Having health insurance reduces housing delinquencies, study finds


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Personal household belongings on an urban sidewalk show the costs of eviction.

The expansion of health benefits under the 2010 Affordable Care Act has helped many more Americans gain insurance and have access to health care. But Obamacare’s legacy goes beyond just medicine. According to a new research study, greater access to health insurance also leads to a significant reduction in Americans becoming delinquent on rent and mortgage payments.

The study was published in the Journal of Public Economics. Emily Gallagher, the lead author, is a visiting scholar at the Center for Household Financial Stability at the Federal Reserve Bank of St. Louis.

Gallagher and her co-researchers used filings compiled by an online tax-preparation company in 2014, 2015, and 2016 – the first three years in which ACA policies were in effect.

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The research team compared data from states that chose to expand Medicaid versus those that did not – a construct that Gallagher called “a really nice research opportunity.” In states that did not expand Medicaid, there was a sharp divide between taxpayers just above the poverty line, who have access to subsidies that allowed them to access ACA Marketplaces, and those just below, who did not.

In the tax returns that the researchers mined, many filers had completed an optional survey. Among those who lived in non-expansion states – and who did not have access to an employer-paid insurance plan – there was a 46% increase in the rate of being insured as households qualified for the subsidized Marketplace plans.

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Having access to the Marketplace subsidies, in turn, corresponded to a 25% reduction in respondents saying that they had been delinquent with a rent or mortgage payment.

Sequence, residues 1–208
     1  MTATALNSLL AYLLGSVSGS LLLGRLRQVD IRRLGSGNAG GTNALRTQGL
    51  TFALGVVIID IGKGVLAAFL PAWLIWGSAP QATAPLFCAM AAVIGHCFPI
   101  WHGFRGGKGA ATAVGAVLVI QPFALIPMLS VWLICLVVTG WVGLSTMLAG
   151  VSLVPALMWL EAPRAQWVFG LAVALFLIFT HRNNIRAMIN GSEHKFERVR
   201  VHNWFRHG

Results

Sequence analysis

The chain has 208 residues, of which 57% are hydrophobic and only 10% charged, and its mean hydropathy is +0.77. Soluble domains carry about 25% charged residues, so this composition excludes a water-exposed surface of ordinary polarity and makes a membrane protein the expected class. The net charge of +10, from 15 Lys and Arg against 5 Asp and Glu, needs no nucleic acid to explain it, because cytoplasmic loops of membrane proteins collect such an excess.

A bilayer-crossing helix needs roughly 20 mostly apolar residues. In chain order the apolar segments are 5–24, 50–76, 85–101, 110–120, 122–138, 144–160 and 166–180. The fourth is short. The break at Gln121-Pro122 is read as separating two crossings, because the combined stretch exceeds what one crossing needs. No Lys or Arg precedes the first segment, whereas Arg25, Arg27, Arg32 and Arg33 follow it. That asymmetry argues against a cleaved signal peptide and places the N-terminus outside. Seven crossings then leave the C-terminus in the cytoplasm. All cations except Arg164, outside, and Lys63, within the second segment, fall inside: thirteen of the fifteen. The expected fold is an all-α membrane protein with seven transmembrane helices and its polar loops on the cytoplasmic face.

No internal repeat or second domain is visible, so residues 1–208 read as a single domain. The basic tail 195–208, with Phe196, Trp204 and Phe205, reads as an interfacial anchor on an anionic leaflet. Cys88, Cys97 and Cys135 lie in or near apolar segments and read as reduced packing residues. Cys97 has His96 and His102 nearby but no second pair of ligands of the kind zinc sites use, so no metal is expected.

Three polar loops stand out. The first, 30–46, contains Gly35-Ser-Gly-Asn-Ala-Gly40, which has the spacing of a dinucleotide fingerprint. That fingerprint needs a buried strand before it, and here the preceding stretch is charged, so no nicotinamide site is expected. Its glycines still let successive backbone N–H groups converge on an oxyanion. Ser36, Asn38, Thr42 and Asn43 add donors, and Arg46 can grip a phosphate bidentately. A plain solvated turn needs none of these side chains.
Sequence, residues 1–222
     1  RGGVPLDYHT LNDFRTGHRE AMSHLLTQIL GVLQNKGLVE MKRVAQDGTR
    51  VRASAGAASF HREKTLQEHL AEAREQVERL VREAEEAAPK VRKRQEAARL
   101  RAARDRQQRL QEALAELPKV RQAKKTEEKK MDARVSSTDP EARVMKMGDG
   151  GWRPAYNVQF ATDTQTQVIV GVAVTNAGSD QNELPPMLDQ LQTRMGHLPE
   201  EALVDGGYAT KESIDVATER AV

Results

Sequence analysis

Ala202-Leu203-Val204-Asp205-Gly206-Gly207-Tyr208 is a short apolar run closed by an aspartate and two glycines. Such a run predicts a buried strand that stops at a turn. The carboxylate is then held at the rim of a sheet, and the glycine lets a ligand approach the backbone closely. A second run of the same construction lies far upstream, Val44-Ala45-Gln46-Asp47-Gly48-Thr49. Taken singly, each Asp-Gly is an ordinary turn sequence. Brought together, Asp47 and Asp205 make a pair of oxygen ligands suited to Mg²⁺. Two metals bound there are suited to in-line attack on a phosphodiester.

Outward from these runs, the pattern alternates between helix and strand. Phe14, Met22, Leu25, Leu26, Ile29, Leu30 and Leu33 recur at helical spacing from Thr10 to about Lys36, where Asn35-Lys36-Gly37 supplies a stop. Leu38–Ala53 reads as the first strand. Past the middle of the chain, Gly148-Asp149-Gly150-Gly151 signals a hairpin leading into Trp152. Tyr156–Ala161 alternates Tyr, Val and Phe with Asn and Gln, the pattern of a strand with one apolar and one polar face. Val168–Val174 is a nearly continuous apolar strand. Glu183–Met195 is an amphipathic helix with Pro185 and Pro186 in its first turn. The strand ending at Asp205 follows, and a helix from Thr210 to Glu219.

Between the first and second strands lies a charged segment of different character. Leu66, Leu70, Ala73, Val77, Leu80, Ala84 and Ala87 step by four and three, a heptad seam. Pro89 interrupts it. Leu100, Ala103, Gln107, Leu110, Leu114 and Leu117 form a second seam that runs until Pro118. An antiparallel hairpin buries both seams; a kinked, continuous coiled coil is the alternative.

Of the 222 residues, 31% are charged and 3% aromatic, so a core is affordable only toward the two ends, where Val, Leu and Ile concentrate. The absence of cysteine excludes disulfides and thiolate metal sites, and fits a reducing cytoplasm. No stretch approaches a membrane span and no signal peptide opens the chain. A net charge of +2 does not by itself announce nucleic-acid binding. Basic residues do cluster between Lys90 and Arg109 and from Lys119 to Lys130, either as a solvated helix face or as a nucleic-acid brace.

In contrast, in states that did expand Medicaid, having access to the Marketplace subsidies had no effect on delinquencies, since lower-income residents were better-covered.

“The large magnitude” of the effects observed by the study “suggest that health costs play a determinant role in the financial stability of low-income Americans,” Gallagher noted in a study summary.

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In an interview, Gallagher said she thinks of housing costs as “really the last bill you want to skip – you might juggle your electric with your gas payment or you might not make a cell phone payment.”

But the personal financial costs of missing a housing payment can be devastating. Losing a home to foreclosure can mean lost equity and wrecked credit. Evictions can be just as damaging, but as the researchers noted in their paper, aren’t tracked as robustly as foreclosures are.

“The broader takeaway is that the Affordable Care Act has downstream financial benefits to peoples’ lives that are not being fully scored by CBO or being factored in quantitatively by politicians when they make decisions about health insurance,” Gallagher told MarketWatch.

“There are a lot of costs to ACA – penalties and taxes being levied on people, particularly higher-income people, to pay for this, but there are also benefits that I don’t think we’ve been fully considering.”

See also: Housing crisis has led to breakdown of the social order, author says

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